ELEVATE SUPPLY CHAIN
IN YOUR HOSPITAL

Four Tips to Drive Out Equipment Waste & Optimize Care

Update your health care supply chain management

The next generation of supply chain leaders have an opportunity to add increased value in hospitals and make measurable contributions to profitability, patient care and growth. According to a Cardinal Health study, 85% of hospital executives say that reducing health care supply chain waste and related costs topped their strategic priority lists. What’s more, those surveyed also said they expect supply chain leaders to develop and implement new strategies that will not only reduce costs, but improve clinical outcomes and elevate the overall patient experience.

Today, a hospital’s supply chain team is charged with optimizing capital acquisitions, reducing non-labor spend and standardizing vendors. But as senior leadership has begun to more closely examine clinical and operational processes, it is becoming clear that next-generation supply chain teams can have a tremendous impact on clinical outcomes, patient satisfaction, brand reputation, reimbursement levels and staff job satisfaction. Today, supply chain spend consumes about 40% of a hospital’s total operating budget. This is second only to labor costs. So, not only is the impact of the modern supply chain far-reaching, it is core to the overall financial success of the hospital.


Four Tips to Drive Out Equipment Waste & Optimize Care

1. Manage medical devices through to the point of useAn emerging best practice is mapping the supply chain through the care delivery process. This allows for a clearer view of what equipment is needed, what’s in circulation and how various factors — like census, patient need and equipment utilization — affect demand. However, that is easier said than done. Many institutions are considering real-time locating systems (RTLS) to track equipment, but RTLS doesn’t solve the problem of mobilizing equipment where needed, cleaning equipment between use or tracking equipment use. Forward-thinking supply chain leaders instead rely on a managed service provider to track, manage and ensure optimal utilization of equipment — so they can make better purchase decisions and have a positive impact on patient care.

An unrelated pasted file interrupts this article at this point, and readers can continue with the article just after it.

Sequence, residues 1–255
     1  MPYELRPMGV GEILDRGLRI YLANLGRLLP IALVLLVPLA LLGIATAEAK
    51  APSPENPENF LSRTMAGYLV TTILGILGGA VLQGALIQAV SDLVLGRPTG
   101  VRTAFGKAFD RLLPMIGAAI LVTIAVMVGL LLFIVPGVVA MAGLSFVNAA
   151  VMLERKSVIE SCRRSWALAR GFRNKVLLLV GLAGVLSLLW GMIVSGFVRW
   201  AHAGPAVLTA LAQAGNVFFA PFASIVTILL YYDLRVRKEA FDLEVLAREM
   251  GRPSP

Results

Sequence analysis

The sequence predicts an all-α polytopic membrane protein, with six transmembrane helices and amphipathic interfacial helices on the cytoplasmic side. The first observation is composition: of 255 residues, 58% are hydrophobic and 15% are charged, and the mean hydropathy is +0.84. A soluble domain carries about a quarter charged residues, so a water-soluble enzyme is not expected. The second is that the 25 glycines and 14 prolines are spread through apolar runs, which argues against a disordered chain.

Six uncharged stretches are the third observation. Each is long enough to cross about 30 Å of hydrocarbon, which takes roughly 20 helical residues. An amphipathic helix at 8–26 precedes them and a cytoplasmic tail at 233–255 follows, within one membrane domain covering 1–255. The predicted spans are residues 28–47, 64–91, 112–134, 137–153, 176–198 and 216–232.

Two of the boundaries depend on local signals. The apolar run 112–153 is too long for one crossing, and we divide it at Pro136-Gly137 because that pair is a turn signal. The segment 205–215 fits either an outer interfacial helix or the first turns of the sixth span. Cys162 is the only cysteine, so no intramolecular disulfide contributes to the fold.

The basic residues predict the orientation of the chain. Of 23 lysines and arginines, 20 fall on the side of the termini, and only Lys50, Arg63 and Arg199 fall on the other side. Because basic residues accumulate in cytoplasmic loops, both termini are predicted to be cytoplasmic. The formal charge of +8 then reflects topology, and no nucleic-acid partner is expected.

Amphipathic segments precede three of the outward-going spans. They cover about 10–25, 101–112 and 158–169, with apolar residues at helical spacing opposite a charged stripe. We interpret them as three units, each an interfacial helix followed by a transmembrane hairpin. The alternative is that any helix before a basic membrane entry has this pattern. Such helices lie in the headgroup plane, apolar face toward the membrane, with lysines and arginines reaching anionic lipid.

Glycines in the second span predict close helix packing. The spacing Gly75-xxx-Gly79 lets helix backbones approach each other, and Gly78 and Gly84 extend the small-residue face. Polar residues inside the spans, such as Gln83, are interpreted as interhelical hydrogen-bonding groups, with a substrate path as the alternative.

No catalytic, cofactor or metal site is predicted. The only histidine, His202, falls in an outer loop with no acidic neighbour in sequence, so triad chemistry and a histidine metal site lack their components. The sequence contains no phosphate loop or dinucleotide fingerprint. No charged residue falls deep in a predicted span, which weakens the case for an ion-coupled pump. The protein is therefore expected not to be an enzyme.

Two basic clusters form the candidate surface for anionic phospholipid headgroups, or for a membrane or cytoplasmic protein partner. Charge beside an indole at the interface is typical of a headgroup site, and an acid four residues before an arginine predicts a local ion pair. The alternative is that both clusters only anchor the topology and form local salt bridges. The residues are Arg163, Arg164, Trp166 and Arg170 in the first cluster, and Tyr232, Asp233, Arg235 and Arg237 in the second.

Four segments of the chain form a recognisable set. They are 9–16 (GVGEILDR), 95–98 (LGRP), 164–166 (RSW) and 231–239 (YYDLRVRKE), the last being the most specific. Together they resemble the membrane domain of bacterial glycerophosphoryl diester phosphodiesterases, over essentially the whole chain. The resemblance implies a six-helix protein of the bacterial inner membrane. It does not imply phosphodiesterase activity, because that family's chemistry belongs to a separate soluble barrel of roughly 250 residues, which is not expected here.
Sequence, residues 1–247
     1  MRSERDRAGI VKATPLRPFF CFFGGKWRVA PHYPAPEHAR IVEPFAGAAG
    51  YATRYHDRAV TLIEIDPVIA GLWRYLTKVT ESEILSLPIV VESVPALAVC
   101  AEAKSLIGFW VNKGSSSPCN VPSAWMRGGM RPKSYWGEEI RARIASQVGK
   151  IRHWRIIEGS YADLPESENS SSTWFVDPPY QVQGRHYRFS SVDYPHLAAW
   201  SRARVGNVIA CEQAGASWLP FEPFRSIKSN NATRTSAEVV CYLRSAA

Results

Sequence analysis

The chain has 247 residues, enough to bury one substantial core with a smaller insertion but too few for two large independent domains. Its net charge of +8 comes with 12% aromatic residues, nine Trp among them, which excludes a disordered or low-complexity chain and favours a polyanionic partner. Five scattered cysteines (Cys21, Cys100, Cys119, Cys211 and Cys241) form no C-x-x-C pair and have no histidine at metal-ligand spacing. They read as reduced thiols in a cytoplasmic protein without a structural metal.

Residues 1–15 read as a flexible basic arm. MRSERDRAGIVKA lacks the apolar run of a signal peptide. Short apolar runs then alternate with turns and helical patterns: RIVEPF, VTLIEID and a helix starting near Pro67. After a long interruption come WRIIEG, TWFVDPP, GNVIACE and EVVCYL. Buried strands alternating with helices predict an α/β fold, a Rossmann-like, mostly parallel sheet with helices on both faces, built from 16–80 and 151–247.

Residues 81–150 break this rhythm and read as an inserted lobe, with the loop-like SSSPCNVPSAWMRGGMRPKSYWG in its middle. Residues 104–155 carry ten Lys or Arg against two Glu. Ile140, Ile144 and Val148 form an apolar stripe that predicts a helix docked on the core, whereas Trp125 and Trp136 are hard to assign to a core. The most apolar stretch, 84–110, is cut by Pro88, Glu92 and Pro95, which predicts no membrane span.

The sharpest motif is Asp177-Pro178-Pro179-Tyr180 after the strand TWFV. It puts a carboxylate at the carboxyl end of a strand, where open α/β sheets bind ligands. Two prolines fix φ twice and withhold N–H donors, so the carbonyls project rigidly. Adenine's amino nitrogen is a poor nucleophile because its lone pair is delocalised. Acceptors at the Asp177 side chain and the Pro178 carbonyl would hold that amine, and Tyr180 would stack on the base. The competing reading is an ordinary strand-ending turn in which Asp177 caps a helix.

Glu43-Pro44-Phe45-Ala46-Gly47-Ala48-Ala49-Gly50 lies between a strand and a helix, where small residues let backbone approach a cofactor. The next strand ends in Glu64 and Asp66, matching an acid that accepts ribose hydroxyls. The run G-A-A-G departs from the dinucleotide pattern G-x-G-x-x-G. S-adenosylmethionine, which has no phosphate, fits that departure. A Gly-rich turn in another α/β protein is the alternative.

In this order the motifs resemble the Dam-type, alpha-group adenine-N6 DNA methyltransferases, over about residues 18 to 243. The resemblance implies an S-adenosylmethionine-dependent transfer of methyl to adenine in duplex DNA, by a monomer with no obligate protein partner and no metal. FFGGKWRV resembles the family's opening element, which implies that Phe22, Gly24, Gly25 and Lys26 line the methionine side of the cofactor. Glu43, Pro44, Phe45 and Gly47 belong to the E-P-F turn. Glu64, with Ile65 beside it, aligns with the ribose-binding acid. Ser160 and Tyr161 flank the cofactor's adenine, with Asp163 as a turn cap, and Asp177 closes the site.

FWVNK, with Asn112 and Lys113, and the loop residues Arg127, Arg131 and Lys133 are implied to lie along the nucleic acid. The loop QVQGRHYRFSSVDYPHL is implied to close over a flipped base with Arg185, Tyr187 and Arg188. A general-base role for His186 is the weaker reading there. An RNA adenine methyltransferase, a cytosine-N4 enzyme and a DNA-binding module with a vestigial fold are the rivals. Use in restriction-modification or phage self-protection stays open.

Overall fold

2. Leverage utilization data to decrease equipment costsSupply chain teams issue thousands of unnecessary POs every year for moveable medical equipment (MME) and specialty beds because they don’t have visibility to how often equipment is sitting idle. This lack of visibility results in costly, excess equipment rental and purchase costs. Solving the problem begins with understanding equipment utilization rates. Managed equipment service providers often capture relevant usage data and turn that information into supply chain analytics, which can be leveraged to ensure appropriate PAR levels.

3. Collect insightful utilization analytics by partnering with nursing and clinical engineeringEngaging these teams can reveal powerful supply chain insights. Nurses know how much time is spent searching for ready equipment, often while it sits idle waiting to be cleaned or serviced. Clinical engineering can tell you how much time is wasted fixing “broken” equipment that results from user error, as well as which equipment is most and least reliable. An end-to-end managed equipment service provider can help bridge the gap between nursing, clinical engineering and supply chain, so you can turn that hidden knowledge into actionable purchasing analytics.

4. Understand and track the true total cost of equipmentEvery single medical device brought into a hospital needs to be properly maintained and repaired. When you start factoring these service costs — plus the costs to implement, train, and upgrade — the true cost of a piece of medical equipment far exceeds the acquisition cost. Not to mention, most hospitals have 30% more equipment than they need because they don’t track utilization. This means they bear the cost burden of servicing all this excess equipment. An end-to-end equipment management company that can create a partnership between supply chain, clinical engineering and nursing can reveal powerful insights on these costs, leading to longer device life, reduced parts costs and greater overall utilization.


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